A small postscript - I am grateful for this episode, too, because it brought forth memories of my own - like the death of my mother's cousin this summer, eating dinner with me one hour and suddenly gone the next - as well as reminding me of others' stories and pain. A good friend of mine lost her father three years ago, when he was murdered in the middle of the night during a home invasion, and thanks to this episode I am beginning to have a better inkling of what that may have been like for her.
 
The Bronze
The Bronze
This is a great first post and you've captured the episode perfectly. It's incredibly hard hitting.

Give Us A Kiss

Fuffy Apologist
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Sineya
This is the only episode really terrifying for me.
I didn't find 'The Body' terrifying.

I never had anyone close to me die before so I had trouble connecting to the concept of the episode if anything...

However, I still thought it was pretty well made and I loved Anya's reaction to Joyce's death, along with the Twillow kiss ;)
 

YummySushiPJs

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Hello Melody Pond (Doctor Who fan, I'm guessing?)

Yes "The Body" is probably the coldest, rawest, hardest-to-watch episode in the entire series. And it's terrifying. And it's brilliant.

It's a complete surprise for people who watch the show unspoiled. Nothing can prepare you for it. I remember just sitting and staring at the screen like this o_O:( for 45 minutes.

The worst/best(?) bit for me is after Buffy has been in a bit of a daze, she yells at Giles "We're not supposed to move the body" and then the look of complete shock and horror coming over her face as reality hits her. Gets me every time. SMG did great.
 

Scary and Veiny

Darth Rosenberg
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I think it's one of the best episodes acting-wise, but one of the hardest for me to watch. I've been rewatching the entire series while introducing a friend to it and it was really hard to get through this episode. It is, as many have said, very real. (And for me very close to home, as I just lost my own mother to cancer a little over a year ago.)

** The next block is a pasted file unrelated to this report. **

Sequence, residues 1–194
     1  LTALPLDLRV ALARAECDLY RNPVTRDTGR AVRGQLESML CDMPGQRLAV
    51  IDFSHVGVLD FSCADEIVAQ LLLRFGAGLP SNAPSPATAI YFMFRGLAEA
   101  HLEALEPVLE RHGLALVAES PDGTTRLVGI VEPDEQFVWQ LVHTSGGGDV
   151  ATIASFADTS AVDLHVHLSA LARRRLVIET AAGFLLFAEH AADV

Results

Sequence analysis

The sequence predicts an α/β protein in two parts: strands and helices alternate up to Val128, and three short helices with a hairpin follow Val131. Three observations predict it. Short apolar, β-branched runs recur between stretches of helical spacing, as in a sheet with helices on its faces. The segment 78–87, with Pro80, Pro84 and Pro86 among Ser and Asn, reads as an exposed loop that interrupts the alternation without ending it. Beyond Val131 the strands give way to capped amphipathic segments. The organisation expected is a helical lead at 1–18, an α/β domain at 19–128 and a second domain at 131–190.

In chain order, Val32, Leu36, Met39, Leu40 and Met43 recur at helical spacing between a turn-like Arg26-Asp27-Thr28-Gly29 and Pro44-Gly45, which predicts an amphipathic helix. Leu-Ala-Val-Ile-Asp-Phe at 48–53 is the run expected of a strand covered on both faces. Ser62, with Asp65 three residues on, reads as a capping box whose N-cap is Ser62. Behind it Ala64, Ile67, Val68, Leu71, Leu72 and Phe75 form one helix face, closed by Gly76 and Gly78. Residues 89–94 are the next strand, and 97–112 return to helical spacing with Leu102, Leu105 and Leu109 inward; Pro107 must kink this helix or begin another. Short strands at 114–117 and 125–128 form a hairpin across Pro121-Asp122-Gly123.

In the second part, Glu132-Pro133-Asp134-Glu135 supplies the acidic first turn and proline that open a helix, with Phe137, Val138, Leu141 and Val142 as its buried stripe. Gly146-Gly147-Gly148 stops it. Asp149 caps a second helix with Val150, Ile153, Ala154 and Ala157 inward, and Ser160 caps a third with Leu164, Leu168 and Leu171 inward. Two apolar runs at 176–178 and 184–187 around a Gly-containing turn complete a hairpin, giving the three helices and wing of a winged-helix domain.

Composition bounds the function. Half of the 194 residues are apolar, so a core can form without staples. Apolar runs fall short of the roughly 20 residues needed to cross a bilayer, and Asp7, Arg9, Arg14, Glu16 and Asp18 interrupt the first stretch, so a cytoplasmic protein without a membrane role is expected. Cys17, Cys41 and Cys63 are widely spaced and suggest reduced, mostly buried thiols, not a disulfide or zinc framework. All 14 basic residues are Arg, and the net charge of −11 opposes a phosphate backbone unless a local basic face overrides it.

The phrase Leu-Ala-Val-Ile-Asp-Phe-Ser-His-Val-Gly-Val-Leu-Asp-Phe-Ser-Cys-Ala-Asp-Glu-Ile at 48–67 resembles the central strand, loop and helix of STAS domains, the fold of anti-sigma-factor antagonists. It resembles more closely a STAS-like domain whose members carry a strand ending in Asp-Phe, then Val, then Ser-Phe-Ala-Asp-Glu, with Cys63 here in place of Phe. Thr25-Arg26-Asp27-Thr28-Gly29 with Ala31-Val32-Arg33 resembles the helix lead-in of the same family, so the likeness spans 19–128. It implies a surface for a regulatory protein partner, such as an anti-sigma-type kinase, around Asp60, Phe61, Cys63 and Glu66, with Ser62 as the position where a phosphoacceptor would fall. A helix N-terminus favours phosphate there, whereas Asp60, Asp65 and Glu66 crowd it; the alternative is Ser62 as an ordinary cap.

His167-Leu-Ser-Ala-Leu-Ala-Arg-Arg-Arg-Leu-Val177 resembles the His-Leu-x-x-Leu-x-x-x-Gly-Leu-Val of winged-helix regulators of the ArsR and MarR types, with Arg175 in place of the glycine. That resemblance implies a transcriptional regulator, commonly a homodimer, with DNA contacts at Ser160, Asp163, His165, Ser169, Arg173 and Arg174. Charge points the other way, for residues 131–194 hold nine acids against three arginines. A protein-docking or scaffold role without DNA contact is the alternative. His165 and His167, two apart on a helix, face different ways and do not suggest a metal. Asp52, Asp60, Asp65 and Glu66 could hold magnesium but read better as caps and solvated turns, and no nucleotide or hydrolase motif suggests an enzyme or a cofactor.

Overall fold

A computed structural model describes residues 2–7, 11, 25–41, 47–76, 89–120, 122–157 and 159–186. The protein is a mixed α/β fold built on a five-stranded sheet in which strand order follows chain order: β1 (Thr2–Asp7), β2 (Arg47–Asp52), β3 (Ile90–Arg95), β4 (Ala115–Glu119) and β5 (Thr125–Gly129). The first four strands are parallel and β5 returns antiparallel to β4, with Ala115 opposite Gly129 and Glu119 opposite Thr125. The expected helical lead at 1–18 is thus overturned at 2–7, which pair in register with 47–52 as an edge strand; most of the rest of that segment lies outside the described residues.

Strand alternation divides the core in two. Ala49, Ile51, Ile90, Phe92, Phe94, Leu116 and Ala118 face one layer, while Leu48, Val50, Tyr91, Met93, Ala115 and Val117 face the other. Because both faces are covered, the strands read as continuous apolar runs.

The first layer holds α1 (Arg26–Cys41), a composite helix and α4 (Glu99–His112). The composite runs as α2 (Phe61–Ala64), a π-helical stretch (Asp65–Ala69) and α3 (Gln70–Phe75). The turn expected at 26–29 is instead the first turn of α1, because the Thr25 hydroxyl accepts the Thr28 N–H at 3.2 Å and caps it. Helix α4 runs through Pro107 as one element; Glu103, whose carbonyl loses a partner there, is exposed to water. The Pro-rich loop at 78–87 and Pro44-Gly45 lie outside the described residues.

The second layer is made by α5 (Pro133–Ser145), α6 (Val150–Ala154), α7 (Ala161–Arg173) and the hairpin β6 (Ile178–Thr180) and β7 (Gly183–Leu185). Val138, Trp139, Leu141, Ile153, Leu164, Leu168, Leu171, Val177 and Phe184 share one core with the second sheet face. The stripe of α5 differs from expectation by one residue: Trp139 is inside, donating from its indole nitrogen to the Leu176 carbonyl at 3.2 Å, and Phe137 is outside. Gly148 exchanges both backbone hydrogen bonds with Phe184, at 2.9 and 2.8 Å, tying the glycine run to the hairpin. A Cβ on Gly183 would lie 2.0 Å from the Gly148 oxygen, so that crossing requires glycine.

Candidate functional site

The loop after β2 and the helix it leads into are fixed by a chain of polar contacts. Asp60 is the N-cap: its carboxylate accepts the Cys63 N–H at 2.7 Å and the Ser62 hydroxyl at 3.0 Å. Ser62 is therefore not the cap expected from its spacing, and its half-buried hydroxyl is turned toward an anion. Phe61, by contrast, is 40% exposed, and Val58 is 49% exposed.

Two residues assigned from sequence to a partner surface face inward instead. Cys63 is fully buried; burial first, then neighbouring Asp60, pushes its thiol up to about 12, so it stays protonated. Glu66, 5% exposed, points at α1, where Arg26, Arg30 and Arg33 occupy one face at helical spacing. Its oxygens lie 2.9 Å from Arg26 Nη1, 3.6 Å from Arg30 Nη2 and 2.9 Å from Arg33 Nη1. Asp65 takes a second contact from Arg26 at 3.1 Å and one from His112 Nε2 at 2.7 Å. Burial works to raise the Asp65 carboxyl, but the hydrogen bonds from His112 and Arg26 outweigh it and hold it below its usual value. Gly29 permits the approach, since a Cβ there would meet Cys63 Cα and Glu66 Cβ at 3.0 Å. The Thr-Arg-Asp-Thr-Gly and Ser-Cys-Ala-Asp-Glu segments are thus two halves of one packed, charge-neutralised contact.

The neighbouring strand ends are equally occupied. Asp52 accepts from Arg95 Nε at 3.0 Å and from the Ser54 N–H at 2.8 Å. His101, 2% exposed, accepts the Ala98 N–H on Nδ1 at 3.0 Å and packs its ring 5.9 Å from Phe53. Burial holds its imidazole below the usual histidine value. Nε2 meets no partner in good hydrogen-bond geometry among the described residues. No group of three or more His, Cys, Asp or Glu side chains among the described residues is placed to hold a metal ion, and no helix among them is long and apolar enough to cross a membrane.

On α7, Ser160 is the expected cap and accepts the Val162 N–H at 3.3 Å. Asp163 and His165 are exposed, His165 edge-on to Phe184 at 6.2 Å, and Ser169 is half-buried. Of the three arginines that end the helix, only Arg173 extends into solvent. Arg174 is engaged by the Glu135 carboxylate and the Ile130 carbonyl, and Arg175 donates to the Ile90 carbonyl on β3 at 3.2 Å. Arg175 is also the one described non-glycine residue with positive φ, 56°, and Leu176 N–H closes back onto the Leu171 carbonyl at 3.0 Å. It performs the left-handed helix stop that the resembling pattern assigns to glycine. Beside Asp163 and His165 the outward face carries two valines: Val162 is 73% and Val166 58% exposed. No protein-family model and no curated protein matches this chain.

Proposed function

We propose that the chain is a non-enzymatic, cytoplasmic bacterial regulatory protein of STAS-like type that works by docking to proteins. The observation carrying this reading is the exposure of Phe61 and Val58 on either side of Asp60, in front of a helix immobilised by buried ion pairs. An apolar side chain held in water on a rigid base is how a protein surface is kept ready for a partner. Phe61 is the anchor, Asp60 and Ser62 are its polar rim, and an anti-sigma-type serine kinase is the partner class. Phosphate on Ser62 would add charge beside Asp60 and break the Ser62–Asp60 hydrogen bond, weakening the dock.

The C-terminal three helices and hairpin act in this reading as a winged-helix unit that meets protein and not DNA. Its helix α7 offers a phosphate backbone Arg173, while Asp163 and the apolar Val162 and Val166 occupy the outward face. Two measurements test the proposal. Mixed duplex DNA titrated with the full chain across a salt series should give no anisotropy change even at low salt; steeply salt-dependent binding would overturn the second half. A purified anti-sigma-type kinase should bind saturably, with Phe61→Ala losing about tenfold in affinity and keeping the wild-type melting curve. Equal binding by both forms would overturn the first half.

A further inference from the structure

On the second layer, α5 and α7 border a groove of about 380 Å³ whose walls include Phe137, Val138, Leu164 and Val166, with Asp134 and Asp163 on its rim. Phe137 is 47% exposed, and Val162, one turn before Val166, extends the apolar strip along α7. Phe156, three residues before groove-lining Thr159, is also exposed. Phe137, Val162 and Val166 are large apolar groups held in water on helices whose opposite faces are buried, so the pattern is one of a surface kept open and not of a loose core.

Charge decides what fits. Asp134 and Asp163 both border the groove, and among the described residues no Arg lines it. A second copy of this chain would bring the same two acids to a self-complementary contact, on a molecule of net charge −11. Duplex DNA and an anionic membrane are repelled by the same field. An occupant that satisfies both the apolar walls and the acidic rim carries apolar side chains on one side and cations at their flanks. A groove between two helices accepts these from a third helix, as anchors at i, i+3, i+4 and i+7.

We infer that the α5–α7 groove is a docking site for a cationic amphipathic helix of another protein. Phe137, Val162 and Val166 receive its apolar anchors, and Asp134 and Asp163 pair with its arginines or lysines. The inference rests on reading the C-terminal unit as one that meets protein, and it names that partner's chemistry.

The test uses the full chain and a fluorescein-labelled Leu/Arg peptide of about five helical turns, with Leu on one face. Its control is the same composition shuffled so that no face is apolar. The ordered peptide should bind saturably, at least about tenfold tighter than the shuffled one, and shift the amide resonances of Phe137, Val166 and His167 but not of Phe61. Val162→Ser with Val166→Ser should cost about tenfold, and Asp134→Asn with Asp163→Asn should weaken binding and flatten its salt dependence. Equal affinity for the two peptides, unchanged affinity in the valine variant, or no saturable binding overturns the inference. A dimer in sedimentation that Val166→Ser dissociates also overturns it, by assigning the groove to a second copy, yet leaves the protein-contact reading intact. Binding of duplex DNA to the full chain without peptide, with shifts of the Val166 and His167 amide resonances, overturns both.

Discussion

I can't even think about Anya's speech about not understanding death without getting tears in my eyes.

I swear I had more to say but this is a difficult episode to talk about for me.
 

Antho

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I just finished watching this one and I have no words ! Every time I see it I feel empty, sad, frightened and a little angry. The fact is sometimes I forget that death exists and when I remember it I'm scared because I know that death could take me or people I love at any times without warning and it makes me melancholy. I lost my grandparents lasts years and I recall having terrible thoughts. I was wondering "Why them ? Why not criminals ? Why not bad people ?" It's a bit unfair ! Is it horrible to think that ?

The Body is a dramatic, shocking episode, in every sense of the words. I watched it today and I could see it twenty years later and it will always have the same impact on me. I would feel the same emotions, with the same intensity, same depth as if it were the first time I saw it. Why ? Because Death is the theme of the episode, and this is a phenomenon which is timeless, affects everyone in a often sudden way, and it puts us face the harsh reality of the life !

A bereavement has several stages. All are illustrated by the different characters :

Step 1 : Denial :
The refusal to see the reality. At the beginning, Buffy is completely devastated, she doesn't admit the situation and she doesn't express her feelings immediatly. She imagines her mother breathe again, in the ambulance, and alive at the hospital. Unfortunatly, she is shocked and all of this is only the representation of her denial. She doesn't want confront reality so she denies it. Another example is the fact she shows respect and she is polite towards the doctors whereas, normally, if she would be truly conscious of the situation she coudn't be as civilized and say "goodbye" "good luck" even "thank you" , she coudn't be so calm, she would be more expressive ! It's only when Giles arrives and rushes to the body of Joyce that Buffy reacts by saying " "we are not supposed to move the body" and it's the element that takes/gets her out of her reflection and she finally aggrees to see things as they are. She collapses in the arm of Giles, who acts like a father for her, exteriorizing all her pain.


When Buffy announces the terrible new to Dawn, she doesn't believe her : "It's not true". She cries and all her classmates look her through the window. I think that it's a way to show that people sympathize to pain but they don't feel it in the same way and they can't totally understand, it's like two different worlds ! Throughout the episode, Dawn seems to not believe at Joyce's death and she wants to see the body to be persuaded. When she finally sees it, it's the moment where she face up to reality !



Step 2 : Anger :